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HD Audio: to FLAC or not to FLAC

post #1 of 47
Thread Starter 
Using Another Eac3to GUI-Plus I am able to convert my Blu-Ray ISOs to MKVs. The option I select for audio is to extract HD-Audio and core tracks. My ATI 5XXX picks up those audio streams, performs the decoding, and everything is gravy.

My question is Does it make sense for me to convert the HD Audio to FLAC as I convert the ISOs to MKVs? I understand that the conversion will be lossless, but how do I verify that my HD Audio has indeed been converted into lossless FLAC? Also, is there an advantage to having the audio as FLAC in the MKV container vs. the regular HD-Audio streams?

Thanks in advance!
post #2 of 47
As far as I know, there's no free decoder for DTS-MA yet, only Dolby TrueHD. So if you want to play DTS-MA on PC you have to convert to flac. That's what I do anyway.
post #3 of 47
Quote:
Originally Posted by harmann View Post

As far as I know, there's no free decoder for DTS-MA yet, only Dolby TrueHD. So if you want to play DTS-MA on PC you have to convert to flac. That's what I do anyway.

What free decoder do you use to convert your DTSHDMA tracks? Last time I looked (a bit ago admittedly) there were no free codecs for ocnverting DTSHDMA losslessly.

-Suntan
post #4 of 47
This post confuses me a bit... wouldn't it be better to just leave the HD audio untouched and have it bitstreamed to your receiver to decode, which negates the need to convert anything and gives you 100% untouched HD audio? I extract the HD audio untouched in my MKV files and they play through mediaportal bitstreamed to my receiver and I get the blue DTS-MA/TrueHD light and everything.
post #5 of 47
I don`t understand too. What do you mean by "the 5xxx series card performs the decoding" ? The 5xxx series cards perform no decoding, they bitstream audio to your receiver which does the decoding.

What receiver do you have?
post #6 of 47
ArcSoft Audio Decoder (from the trial version of TMT; a kind of free) decodes DTS-HD with full resolution. That's the method suggested in BLU - RAY/HD-DVD to mkv .....the options are endless!!!!

Converting to FLAC vs keeping the original HD audio format is just a matter of taste. Those who own a HD 5xxx/Clarkdale and a HDMI 1.3 receiver perhaps prefer the latter...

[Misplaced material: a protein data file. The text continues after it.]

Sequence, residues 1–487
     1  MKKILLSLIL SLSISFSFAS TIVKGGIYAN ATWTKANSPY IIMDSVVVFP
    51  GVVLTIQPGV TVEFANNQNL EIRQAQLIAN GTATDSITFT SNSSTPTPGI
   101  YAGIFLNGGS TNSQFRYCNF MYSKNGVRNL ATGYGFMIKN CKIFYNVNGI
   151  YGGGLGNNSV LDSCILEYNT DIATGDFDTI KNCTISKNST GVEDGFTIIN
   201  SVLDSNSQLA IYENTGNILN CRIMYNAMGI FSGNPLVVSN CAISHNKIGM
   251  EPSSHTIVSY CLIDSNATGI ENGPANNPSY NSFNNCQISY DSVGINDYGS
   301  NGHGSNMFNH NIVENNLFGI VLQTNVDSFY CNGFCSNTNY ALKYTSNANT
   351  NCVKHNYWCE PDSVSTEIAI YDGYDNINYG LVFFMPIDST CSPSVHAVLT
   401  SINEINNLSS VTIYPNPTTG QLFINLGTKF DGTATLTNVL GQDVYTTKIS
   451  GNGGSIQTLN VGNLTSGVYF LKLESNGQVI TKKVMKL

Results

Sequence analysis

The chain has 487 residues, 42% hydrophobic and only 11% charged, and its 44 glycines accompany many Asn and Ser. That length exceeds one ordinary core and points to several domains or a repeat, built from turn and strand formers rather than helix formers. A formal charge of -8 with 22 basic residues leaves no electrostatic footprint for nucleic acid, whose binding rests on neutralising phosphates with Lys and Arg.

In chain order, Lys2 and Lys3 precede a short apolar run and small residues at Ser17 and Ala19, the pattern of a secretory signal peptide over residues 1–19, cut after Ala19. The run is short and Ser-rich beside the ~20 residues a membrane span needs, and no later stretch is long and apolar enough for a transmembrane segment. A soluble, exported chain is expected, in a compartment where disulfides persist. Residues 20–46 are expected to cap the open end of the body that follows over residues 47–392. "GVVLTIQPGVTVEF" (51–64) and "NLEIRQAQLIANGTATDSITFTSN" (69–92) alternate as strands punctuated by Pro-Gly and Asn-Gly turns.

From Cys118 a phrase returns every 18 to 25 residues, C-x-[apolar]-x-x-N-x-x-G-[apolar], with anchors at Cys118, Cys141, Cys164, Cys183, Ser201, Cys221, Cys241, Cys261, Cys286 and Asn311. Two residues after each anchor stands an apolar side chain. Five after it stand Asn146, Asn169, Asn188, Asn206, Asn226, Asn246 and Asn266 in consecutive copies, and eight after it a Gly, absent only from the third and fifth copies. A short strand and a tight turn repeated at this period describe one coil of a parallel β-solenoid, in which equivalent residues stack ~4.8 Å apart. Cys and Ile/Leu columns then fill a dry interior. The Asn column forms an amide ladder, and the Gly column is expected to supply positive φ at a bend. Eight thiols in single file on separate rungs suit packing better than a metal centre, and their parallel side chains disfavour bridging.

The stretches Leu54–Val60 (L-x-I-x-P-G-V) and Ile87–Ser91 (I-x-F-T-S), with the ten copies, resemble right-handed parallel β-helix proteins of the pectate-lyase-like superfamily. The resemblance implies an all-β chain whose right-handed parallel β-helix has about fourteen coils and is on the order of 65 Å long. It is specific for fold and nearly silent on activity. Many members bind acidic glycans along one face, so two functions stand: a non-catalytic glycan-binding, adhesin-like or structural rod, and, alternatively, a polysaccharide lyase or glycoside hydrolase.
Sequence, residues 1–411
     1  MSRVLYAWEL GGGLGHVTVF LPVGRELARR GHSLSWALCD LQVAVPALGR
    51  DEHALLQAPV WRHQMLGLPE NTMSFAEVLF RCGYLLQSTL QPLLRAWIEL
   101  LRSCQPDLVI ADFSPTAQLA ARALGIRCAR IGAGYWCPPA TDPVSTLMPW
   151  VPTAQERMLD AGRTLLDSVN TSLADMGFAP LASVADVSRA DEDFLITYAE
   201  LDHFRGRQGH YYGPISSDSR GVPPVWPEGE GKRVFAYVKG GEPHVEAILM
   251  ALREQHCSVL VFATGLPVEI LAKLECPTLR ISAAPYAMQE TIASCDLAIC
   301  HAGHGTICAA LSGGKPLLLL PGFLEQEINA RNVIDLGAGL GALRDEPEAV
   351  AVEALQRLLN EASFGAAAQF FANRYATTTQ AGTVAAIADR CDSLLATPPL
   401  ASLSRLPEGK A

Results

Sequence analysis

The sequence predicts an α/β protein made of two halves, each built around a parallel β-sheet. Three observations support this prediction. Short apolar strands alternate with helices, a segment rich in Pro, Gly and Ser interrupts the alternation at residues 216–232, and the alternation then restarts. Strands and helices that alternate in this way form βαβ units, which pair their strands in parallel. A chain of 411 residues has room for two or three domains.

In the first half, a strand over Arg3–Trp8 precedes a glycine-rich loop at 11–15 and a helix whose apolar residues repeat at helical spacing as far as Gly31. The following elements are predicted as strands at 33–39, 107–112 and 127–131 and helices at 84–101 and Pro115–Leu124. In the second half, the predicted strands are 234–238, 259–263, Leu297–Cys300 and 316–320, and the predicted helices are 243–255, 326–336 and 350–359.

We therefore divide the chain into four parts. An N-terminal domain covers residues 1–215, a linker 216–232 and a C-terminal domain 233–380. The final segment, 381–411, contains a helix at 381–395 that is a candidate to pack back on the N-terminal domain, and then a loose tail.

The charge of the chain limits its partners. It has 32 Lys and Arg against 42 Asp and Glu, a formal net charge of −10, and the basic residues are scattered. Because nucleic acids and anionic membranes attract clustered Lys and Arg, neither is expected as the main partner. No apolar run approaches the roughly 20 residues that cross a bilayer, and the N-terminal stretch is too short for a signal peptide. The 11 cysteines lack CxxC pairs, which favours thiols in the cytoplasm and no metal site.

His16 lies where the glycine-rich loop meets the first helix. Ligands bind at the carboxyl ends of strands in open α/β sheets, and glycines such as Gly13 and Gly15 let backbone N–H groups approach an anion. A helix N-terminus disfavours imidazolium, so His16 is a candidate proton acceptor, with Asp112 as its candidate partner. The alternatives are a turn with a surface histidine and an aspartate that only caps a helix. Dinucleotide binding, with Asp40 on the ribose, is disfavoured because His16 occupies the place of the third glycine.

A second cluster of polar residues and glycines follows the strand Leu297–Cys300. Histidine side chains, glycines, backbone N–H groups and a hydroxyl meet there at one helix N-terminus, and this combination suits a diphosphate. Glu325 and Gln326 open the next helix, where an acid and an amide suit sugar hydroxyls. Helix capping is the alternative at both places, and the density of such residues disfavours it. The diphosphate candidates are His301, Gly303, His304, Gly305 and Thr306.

post #7 of 47
Quote:
Originally Posted by renethx View Post


Converting to FLAC vs keeping the original HD audio format is just a matter of taste. Those who own a HD 5xxx/Clarkdale and a HDMI 1.3 receiver perhaps prefer the latter...

Question, with the 5xxx do you still need TMT or PDVD or can you bitstream natively out of Media Center.

I use FLAC simply because I refuse to use either TMT or PDVD, and it's the only way I can get lossless audio. Currently I just use the on board audio on my G45 MB (which I know won't bitstream)
post #8 of 47
ffdshow is used for bitstreaming from mkv files, if that`s what you mean.
post #9 of 47
Yup.

1. Ripping BD movies into MKV with the original video/audio format intact.
2. Playing MKV with HD 5xxx/Clarkdale, an appropriate video decoder (such as MPC Video Decoder) and ffdshow Audio Decoder (thus TrueHD/DTS-HD are bitstreamed to an AVR)

is a preferred method of many people in this forum. The player is immaterial; you can use any customizable DirectShow media player including the 7MC internal player. (But for various reasons, people often prefer MPC HomeCinema [can be launched as an external player from inside 7MC].)
post #10 of 47
Thread Starter 
My apologies, I was not very clear. The ATI 5XXX does not do any decoding it just bitstreams the untouched HD Audio to my receiver, which does the decoding. The methodology I follow is precisely as Renethx stated.

I am just wondering if there is some kind of advantage for me to convert the HD Audio to FLAC. I plan to keep my Blu-Ray rips indefinitely, and would hate to re-rip movies down the line because something is not compatible with HD Audio. As an example, lets say I wanted to stream the movies to an iPad (don't have this yet) can I do it with MKVs with HD Audio? What about extenders, do they work with MKVs with HD Audio?

Thanks!


Quote:
Originally Posted by renethx View Post

Yup.

1. Ripping BD movies into MKV with the original video/audio format intact.
2. Playing MKV with HD 5xxx/Clarkdale, an appropriate video decoder (such as MPC Video Decoder) and ffdshow Audio Decoder (thus TrueHD/DTS-HD are bitstreamed to an AVR)

is a preferred method of many people in this forum. The player is immaterial; you can use any customizable DirectShow media player including the 7MC internal player. (But for various reasons, people often prefer MPC HomeCinema [can be launched as an external player from inside 7MC].)
post #11 of 47
The Ipad doesn`t support H.264 High Profile nor 1080p resolutions nor FLAC or DTS-HD MA or True HD. You have to re-encode the entire movie (both audio and video) to do that. Or buy a netbook with a ION GPU .